Over the past seven years, two LPs and countless tours, JD McPherson has gained a reputation for updating the American rockabilly sound. With his fat, fuzzed-out riffs (usually played on a custom TK Smith guitar or other funky bodied, automobile inspired axe) and accompaniments from upright bassist Jimmy Sutton, keyboardist Ray Jacildo, drummer Jason Smay and a touring brass section, McPherson’s last two records sounded old-school barn dance updated for modern ears, transmitted through earbuds instead of among hay bales.
Yet, on his third album Undivided Heart & Soul, McPherson takes a slightly different approach, leaning harder on the first syllable of rockabilly. New beginnings and friendships also likely contributed to the sonic streamlining. Undivided Heart & Soul is his first New West Records and the list of collaborators is both long and impressive. During the writing process, McPherson worked with Queen of the Stone Age’s Josh Homme and Dean Fertita to transition from writing more fictional narratives to personal experiences for the first time. And during the recording process, other notable guests included Butch Walker on the mid-tempo “Crying’s Just a Thing that You Do” and even sharing lyric-writing credits with his wife Mandy on the escapist closer “Let’s Get Out of Here While We’re Young.” Plus, Lucius’ Jess Wolfe and Holly Laessig contributed vocal harmonies and drummer Dan Molad co-produced the entire record.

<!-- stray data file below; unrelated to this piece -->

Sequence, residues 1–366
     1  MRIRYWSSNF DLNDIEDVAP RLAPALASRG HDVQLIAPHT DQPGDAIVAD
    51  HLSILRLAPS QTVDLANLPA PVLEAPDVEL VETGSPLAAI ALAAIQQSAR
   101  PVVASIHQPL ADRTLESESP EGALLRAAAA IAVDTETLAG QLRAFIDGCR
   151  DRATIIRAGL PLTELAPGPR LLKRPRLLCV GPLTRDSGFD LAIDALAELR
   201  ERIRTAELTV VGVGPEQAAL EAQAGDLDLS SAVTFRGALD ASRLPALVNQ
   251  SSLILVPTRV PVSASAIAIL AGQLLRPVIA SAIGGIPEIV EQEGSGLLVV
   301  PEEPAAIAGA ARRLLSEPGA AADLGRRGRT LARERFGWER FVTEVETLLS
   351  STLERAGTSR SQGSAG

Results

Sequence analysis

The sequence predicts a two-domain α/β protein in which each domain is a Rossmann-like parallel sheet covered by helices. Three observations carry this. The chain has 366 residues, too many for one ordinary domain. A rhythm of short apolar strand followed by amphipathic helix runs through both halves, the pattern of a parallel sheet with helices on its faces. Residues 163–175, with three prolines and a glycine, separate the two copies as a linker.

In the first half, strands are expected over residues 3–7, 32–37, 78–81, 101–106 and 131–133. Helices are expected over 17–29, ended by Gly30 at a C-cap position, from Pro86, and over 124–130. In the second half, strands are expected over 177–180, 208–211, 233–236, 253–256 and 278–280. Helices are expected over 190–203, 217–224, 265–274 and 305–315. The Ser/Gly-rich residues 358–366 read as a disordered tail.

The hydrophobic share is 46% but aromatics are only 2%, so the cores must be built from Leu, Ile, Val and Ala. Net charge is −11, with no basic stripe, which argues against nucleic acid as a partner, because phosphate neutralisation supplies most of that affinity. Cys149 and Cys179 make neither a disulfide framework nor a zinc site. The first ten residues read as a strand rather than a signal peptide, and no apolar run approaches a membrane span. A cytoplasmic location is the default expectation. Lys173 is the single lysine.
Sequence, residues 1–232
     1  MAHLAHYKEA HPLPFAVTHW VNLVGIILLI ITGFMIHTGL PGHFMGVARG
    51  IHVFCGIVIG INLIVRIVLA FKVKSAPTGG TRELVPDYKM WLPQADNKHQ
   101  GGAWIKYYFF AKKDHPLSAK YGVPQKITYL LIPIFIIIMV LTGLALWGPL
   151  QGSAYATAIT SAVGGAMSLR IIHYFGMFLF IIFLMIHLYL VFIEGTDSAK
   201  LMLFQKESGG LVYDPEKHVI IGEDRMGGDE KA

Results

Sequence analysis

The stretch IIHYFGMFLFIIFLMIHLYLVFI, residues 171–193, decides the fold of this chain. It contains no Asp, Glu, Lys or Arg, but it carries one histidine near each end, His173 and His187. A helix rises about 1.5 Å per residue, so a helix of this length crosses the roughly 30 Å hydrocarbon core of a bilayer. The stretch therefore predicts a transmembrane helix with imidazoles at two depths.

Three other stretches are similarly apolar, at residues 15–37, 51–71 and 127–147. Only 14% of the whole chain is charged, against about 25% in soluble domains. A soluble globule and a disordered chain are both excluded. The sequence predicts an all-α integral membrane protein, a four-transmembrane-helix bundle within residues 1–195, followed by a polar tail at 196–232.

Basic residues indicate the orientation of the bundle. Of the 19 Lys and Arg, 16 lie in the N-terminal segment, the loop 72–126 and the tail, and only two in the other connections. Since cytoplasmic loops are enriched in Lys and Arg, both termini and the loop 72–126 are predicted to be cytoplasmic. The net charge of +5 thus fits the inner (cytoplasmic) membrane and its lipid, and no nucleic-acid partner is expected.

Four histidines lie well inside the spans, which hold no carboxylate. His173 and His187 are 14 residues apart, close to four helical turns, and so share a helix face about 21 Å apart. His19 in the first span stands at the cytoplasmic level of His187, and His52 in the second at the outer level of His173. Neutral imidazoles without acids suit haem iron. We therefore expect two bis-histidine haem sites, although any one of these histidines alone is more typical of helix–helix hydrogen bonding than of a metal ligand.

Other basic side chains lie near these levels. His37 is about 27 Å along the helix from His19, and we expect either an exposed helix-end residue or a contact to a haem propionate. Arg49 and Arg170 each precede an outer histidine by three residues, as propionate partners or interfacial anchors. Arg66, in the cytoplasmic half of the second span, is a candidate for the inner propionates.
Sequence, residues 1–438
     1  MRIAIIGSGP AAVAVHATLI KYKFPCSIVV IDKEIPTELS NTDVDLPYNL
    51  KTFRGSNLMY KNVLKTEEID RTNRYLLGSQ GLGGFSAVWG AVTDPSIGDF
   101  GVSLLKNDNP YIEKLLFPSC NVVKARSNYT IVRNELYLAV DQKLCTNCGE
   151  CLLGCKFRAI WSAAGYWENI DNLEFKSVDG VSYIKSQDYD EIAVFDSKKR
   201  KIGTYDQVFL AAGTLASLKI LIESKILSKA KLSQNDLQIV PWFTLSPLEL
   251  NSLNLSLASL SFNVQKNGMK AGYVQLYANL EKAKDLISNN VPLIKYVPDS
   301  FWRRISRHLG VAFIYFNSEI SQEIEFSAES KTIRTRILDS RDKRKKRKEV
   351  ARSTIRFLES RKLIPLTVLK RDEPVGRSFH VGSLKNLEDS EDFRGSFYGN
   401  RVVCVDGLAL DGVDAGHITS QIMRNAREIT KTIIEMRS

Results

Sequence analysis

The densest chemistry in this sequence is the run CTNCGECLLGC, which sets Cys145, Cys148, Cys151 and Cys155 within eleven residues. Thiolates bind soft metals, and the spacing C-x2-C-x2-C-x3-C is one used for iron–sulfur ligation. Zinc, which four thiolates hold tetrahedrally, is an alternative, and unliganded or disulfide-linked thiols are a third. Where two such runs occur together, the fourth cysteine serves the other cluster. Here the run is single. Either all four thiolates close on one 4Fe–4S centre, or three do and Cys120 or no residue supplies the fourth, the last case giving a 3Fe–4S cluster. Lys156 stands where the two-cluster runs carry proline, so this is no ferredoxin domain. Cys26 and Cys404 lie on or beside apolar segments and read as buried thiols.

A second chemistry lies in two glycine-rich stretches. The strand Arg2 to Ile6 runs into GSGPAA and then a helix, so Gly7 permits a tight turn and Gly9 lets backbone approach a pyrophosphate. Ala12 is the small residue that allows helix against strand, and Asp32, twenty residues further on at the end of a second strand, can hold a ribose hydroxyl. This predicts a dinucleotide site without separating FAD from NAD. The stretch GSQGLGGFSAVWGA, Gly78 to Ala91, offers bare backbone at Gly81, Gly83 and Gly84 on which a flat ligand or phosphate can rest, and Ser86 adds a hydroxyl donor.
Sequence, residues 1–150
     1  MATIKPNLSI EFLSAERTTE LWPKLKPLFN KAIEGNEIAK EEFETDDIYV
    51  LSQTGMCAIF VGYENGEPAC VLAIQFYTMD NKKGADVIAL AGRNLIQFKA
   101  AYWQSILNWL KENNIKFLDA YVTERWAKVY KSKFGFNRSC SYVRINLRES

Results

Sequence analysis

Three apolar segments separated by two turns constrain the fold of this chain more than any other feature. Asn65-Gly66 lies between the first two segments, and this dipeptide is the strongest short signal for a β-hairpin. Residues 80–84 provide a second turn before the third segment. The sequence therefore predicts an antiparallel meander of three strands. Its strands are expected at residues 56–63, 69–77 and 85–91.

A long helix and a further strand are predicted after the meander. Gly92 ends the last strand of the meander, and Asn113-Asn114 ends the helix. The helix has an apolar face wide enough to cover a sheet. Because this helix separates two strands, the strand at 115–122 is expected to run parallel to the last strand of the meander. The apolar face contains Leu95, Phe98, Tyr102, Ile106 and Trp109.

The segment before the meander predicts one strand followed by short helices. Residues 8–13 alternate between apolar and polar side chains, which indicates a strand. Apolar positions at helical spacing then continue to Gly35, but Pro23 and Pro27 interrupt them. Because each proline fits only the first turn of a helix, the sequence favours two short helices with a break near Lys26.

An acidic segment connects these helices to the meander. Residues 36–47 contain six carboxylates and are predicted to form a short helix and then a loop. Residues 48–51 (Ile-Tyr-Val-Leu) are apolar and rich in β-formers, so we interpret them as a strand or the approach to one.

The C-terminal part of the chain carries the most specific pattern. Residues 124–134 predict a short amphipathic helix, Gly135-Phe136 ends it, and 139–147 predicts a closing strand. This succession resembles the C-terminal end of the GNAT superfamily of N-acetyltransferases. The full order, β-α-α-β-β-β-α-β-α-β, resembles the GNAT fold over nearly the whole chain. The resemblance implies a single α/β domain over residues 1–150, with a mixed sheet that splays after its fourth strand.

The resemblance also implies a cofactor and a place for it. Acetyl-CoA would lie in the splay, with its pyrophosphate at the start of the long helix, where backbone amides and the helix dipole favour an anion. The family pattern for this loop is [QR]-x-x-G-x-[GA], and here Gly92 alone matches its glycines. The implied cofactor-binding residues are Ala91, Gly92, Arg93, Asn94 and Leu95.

History still carries the most weight on the 11-track LP. McPherson and his family moved from their home state of Oklahoma to East Nashville in between 2015’s Let The Good Times Roll and the new record, and he and the band recorded in Nashville’s historic RCA Studio B, whose walls could tell stories of legends like Dolly Parton and Elvis. And the retro-sounding tracks, most of which feature prominent walking bass lines courtesy of silver fox Sutton, are among the album’s highlights. Single “Lucky Penny” (that doesn’t hide its Dan Auerbach influence), jittery “Bloodhound Rock” and “Under the Spell of the City Lights” (featuring another notable co-writer, Aaron Lee Tasjan) all harken back to those retro rocking songs in both McPherson’s own catalogue and that of American music as a whole. So while Undivided Heart & Soul explores both the past and the future of roots music, McPherson shines brightest when he blends both influences to stay rooted in the present.